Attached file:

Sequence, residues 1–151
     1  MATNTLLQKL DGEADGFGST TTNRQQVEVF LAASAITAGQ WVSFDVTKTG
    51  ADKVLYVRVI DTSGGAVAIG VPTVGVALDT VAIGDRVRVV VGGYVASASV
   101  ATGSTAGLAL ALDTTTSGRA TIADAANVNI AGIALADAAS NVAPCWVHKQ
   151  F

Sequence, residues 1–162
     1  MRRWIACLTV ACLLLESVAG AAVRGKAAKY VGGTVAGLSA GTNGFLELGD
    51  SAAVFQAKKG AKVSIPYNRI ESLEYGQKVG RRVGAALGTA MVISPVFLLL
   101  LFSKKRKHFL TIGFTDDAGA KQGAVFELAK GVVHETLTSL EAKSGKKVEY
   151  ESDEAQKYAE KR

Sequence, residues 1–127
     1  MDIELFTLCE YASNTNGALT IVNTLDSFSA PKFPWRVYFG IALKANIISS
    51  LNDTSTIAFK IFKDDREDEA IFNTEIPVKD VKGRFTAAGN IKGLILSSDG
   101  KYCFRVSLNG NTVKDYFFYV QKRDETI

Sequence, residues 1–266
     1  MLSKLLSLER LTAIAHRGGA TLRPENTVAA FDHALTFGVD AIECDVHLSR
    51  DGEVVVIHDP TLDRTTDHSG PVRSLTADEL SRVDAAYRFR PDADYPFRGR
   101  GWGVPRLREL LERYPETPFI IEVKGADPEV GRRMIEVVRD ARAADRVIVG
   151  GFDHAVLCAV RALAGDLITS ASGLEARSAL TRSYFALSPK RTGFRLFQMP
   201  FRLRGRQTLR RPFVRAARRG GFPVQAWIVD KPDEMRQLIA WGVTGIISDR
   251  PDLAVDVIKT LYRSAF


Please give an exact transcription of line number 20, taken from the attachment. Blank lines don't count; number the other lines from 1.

   201  FRLRGRQTLR RPFVRAARRG GFPVQAWIVD KPDEMRQLIA WGVTGIISDR